SACRAMENTO (CBS13) — A transgender woman claims the Sacramento County Jail discriminated against her by booking her into the male section of the jail.
The woman was one of two people arrested during a Stephon Clark protest in front of the district attorney’s office on Thursday.
The woman’s arrest drew attention from city and county officials, who say they stepped in to help move the woman into another part of the jail.
Ebony Ava Harper was arrested and booked into the Sacramento County Jail on charges of failing to disperse during a protest, and resisting an officer.
Harper, who identifies as a transgender woman, says her experience Thursday was humiliating, and a nightmare.
“My humanity was stripped, I was searched by men, and they videotaped me, I began to cry because I didn’t feel comfortable being searched by a guy,” Harper said.
Harper says she was then booked with the male population, where she says she feared for her safety.
“I have some female body parts; I just felt dehumanized,” she added.
But Harper wasn’t locked up in the male section for long. City and county officials stepped in to help.
“It could have been borderline dangerous,” said Sacramento County Supervisor Phil Serna.
Serna says he learned about the incident from the mayor’s office and says he immediately contacted Sheriff Scott Jones. Serna says the sheriff had Harper transferred to the female section.
The incident now has Serna questioning the jail’s booking policy.
“If there’s any kind of confusion as to how that happens, I think we need to make sure there is no confusion,” Serna added.
CBS13 asked the Sacramento County Sheriff’s Department about its current policy for housing a transgender inmate in the Sacramento County Jail.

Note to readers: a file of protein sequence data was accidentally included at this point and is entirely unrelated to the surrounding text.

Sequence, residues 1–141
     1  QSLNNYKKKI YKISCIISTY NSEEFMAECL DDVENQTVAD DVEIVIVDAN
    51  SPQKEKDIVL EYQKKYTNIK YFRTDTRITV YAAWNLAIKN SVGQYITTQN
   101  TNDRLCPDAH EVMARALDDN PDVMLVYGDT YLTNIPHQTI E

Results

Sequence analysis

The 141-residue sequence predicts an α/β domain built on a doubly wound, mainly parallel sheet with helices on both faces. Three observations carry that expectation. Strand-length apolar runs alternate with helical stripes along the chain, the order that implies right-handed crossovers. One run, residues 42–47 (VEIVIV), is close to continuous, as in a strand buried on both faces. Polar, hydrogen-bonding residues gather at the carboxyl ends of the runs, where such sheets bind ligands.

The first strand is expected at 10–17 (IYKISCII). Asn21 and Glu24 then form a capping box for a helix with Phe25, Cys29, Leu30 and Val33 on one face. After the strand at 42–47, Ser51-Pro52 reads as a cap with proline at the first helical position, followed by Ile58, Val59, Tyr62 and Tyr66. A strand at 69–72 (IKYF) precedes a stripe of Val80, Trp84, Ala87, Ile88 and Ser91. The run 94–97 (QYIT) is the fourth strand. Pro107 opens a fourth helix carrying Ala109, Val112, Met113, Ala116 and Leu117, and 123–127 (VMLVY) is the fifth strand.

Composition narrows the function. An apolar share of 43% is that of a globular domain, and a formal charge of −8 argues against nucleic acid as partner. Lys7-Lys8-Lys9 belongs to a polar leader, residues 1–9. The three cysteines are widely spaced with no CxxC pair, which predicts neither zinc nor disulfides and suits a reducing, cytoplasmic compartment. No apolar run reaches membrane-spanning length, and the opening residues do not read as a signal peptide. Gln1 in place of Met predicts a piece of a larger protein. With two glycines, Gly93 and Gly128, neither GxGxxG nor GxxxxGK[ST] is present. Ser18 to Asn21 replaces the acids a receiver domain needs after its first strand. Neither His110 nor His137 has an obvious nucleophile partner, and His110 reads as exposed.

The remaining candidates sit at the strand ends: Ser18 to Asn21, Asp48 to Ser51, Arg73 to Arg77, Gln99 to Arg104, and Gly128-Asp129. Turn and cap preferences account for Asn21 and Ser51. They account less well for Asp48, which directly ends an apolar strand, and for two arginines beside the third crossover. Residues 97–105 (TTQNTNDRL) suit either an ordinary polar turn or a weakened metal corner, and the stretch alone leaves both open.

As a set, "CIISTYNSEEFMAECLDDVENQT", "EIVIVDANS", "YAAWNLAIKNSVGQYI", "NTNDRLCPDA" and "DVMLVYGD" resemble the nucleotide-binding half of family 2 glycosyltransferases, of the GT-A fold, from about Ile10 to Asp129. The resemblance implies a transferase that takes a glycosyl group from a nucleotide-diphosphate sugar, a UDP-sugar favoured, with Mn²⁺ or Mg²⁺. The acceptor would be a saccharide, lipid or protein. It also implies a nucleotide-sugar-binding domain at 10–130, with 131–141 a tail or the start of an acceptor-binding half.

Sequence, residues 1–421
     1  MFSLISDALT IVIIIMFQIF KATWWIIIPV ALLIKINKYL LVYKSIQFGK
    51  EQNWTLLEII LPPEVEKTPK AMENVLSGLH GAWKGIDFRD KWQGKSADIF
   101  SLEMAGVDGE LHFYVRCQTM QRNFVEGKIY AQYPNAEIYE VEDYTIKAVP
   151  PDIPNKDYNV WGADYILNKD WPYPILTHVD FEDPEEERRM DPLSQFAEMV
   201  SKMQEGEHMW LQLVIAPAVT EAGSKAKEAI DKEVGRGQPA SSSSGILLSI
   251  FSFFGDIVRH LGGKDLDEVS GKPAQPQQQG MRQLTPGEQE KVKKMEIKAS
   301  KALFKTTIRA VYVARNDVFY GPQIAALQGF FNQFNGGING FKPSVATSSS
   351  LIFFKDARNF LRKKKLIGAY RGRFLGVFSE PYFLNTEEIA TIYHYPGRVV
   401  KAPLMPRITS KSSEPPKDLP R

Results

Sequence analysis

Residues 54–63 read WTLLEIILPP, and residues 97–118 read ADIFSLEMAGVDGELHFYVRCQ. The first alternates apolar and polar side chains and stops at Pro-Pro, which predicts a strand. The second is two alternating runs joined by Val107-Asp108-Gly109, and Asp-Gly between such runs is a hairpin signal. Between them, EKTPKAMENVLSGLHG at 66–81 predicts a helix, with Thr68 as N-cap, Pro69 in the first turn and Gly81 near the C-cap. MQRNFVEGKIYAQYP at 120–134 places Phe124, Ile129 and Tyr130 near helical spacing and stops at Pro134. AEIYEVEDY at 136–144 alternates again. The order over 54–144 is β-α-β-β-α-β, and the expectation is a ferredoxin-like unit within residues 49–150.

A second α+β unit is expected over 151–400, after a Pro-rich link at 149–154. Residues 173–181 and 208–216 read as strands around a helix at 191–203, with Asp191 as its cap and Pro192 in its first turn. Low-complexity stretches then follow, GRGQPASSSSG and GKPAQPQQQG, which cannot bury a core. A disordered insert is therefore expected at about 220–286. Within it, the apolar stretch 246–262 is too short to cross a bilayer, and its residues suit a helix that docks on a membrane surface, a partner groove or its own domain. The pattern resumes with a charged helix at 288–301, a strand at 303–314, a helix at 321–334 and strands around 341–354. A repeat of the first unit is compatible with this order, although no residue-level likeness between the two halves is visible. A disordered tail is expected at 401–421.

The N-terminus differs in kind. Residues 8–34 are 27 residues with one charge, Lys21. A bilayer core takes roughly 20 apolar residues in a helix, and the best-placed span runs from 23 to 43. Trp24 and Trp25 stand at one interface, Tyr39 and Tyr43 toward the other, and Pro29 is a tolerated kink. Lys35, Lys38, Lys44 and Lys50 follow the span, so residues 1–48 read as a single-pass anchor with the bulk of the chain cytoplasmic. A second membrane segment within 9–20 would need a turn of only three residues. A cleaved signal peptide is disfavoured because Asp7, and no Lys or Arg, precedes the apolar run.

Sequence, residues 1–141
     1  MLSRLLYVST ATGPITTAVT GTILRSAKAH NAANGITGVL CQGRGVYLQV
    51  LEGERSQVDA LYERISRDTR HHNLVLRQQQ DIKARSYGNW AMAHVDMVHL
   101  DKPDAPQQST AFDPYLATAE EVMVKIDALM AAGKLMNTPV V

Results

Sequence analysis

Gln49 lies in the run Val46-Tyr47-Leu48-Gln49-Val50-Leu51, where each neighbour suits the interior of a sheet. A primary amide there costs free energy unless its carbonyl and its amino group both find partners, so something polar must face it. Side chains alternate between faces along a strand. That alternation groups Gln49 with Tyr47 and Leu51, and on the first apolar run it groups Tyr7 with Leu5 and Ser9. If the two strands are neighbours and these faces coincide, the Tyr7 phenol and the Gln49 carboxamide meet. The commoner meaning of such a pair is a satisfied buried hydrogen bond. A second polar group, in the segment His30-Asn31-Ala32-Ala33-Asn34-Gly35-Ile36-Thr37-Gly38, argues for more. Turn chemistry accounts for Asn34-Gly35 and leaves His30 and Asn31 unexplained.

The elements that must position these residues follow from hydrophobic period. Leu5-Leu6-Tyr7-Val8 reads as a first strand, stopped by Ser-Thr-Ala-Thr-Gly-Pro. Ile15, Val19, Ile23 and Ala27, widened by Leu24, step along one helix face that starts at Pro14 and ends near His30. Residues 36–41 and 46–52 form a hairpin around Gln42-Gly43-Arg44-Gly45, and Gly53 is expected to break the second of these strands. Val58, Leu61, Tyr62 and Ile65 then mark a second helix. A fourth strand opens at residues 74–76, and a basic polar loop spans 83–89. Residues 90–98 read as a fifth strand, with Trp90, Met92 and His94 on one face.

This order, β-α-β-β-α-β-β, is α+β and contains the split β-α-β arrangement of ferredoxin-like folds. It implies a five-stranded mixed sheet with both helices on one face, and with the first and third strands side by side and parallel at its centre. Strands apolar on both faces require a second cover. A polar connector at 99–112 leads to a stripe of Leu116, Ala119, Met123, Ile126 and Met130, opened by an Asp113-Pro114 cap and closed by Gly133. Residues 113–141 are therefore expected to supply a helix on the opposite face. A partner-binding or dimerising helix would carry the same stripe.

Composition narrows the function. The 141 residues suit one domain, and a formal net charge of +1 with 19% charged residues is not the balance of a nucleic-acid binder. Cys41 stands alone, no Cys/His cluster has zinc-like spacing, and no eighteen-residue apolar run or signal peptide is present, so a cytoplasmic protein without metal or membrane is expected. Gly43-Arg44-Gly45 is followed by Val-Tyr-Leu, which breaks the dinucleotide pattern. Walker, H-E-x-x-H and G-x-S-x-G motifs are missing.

A spokesman for the department says transgender inmates are always booked separately.
The spokesman also said “…Ms. Harper was placed in a holding cell by herself in the booking area of the jail…the cell was located on the male side.”
Harper was released a few hours after her arrest.
A voice for Sacramento’s transgender community, with a renewed will to seek transgender equality behind bars.
“We live in a hostile society, it’s hostile to our existence…the way law enforcement handles us, it’s just one more notch on the belt of oppression,” said Harper.
CBS13 also reached out other jails in the region about transgender booking policies.
In Yolo County, transgender inmates could be housed separately for safety reasons, or assigned depending on their physical attributes.
Placer County is adopting a new policy, but currently follows Attorney General Xavier Becerra’s recommendation to house transgender inmates on which gender they identify with.
New York City announced Tuesday, transgender inmates will now be able to choose where they’re housed. San Francisco also has the same policy.